In the example above we saw that cars were Ordered systems because of the high level of constraint in every aspect of their design; traffic on the other hand is only partially constrained and as such it’s a Complex system. There are rules in the form of laws and guidelines such as speed limits, traffic signs, traffic lights, highways, ramps, paved roads, direction of driving, etc. but these rules do not fully constrain driving. You can choose to dive fast or slow, change lanes frequently or not at all, slow down or speed up, turn left or right, etc.

This creates unpredictable emergent patterns such as accidents, traffic jams, traffic congestion or sparsity, etc. On top of that, the traffic patterns from moment to moment, from day to day are completely novel and unique. There’s no way to know for sure when an accident will occur or when the traffic will become congested. Even though you may know exactly why an accident happened, it doesn’t help you fully predict future accidents.

Chaotic systems are highly unconstrained. Imagine for a second that one day none of the rules of driving applied. You could drive in the middle of the road if you wanted, drive backwards, go through red lights and stop signs, drive on the opposite side of the road, cut through lanes at will, make sudden u-turns, break and accelerate as you wished, etc. What would happen? Complete and utter chaos. It would be impossible to predict anything.

Side Note: Temporarily removing constrains in a system is an excellent way to unclog bureaucratic gridlock in an organization and spur innovation. Dave Snowden calls this “shallow dive into chaos” but that’s a topic for another day.

So how does this relate to planning?

Most planning is done under the assumption of Ordered systems. We assume that the future is predictable from past events so making plans is easy. Planning comes naturally to us as our brains function like cybernetic (goal seeking) systems. We set a goal and immediately our brain provides ways to achieve it.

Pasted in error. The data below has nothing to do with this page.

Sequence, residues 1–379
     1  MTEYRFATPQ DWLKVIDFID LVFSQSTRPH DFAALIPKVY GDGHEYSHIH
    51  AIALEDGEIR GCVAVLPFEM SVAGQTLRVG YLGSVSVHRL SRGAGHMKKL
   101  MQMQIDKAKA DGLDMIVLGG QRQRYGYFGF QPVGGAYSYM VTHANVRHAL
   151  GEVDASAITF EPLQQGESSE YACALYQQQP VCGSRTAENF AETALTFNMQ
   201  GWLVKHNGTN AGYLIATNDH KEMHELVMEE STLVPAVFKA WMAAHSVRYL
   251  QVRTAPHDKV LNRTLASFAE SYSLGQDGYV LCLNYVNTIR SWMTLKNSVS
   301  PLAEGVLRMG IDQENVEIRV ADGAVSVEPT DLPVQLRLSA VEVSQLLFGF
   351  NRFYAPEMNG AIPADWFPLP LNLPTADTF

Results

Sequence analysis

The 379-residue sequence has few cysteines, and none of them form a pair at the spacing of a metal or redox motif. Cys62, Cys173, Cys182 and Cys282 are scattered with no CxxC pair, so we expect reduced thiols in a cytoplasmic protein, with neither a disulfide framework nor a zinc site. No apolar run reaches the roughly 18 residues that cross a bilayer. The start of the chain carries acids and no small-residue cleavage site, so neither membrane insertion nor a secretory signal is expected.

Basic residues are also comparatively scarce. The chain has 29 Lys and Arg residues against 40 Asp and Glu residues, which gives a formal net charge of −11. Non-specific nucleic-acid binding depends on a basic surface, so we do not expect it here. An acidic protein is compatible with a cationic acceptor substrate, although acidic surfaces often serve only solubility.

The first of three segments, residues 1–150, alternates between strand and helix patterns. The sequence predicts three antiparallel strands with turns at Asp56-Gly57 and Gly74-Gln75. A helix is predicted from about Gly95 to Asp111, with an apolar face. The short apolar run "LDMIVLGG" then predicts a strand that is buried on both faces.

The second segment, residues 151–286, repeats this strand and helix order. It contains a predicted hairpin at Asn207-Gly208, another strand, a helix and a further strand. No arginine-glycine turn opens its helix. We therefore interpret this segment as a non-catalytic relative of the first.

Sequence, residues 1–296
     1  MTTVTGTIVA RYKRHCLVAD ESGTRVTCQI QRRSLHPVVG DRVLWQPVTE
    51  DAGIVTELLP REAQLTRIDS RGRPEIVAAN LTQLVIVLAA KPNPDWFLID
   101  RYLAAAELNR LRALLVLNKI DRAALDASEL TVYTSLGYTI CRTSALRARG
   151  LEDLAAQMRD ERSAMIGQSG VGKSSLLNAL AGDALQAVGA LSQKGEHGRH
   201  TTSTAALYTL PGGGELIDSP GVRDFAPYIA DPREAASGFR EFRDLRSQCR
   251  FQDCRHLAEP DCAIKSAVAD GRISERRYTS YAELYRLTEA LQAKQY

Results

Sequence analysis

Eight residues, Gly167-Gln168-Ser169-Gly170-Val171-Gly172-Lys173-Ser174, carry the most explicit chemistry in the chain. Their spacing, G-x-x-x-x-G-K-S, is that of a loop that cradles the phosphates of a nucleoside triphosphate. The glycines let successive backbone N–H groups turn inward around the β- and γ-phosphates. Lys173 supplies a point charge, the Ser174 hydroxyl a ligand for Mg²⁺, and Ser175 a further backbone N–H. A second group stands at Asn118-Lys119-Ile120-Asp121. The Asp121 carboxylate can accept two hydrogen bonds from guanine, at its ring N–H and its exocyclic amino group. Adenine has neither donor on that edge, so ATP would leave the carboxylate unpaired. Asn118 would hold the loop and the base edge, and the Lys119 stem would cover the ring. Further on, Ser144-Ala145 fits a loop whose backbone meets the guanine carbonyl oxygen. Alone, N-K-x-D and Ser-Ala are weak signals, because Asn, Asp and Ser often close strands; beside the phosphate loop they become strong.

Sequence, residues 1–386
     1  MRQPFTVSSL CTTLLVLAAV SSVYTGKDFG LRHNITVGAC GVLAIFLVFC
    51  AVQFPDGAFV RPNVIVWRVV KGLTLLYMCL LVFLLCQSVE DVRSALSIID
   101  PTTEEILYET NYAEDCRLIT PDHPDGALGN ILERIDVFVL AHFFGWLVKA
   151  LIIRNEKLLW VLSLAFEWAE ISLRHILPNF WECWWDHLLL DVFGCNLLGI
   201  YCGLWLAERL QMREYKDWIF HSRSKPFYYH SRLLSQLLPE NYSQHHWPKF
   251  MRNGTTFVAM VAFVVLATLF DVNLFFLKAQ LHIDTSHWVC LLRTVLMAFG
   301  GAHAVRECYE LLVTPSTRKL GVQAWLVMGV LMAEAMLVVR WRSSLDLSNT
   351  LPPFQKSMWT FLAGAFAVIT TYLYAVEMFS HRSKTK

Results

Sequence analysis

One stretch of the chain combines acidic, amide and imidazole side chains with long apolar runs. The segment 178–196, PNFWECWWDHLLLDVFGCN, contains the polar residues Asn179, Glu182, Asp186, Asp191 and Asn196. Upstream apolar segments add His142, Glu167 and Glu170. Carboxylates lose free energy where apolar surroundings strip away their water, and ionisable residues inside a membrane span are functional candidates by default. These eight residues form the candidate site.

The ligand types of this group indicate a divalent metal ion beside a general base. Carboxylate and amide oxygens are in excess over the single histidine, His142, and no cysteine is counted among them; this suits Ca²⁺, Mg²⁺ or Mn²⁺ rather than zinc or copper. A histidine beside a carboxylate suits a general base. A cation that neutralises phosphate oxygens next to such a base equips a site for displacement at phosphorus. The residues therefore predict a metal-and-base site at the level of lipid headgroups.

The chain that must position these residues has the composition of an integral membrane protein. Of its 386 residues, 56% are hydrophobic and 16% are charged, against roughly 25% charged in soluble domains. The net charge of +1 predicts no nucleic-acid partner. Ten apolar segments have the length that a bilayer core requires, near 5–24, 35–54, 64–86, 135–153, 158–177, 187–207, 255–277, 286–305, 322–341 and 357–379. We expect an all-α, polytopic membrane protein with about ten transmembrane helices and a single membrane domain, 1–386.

Now if the system you’re dealing with is highly constrained, these plans are very likely to succeed. For example if you wanted to buy a house you’d need a bank loan and since getting a loan is an Ordered system, given certain criteria, you can predict with very high accuracy if you will succeed or fail.

If we’re dealing with a complex system however, or a chaotic system, we would be unable to account for all the possible future scenarios and contingencies and our plans would be at best incomplete. Before the advent of GPS and turn-by-turn navigation systems with up the the minute traffic data, it was impossible to plan a route down to the minute and be very confident you would arrive at a particular time.

So the reason why plans are useless is that more often than not they are incomplete and don’t account for all the possible contingencies in the complexity of today’s systems.

Why then is planning indispensable?

The process of planning gets us to think through many of the possible futures and scenarios that can unfold and help us be better prepared if any of those futures scenarios were to happen by creating contingencies. Of course we can’t cover every single scenario and we need to be agile and capable of course correction. The measure of true agility is the ability to ditch your plans halfway through when the situation has changed and made your plans obsolete even if the sunk cost might be high.

Always have multiple theories for explaining and understanding things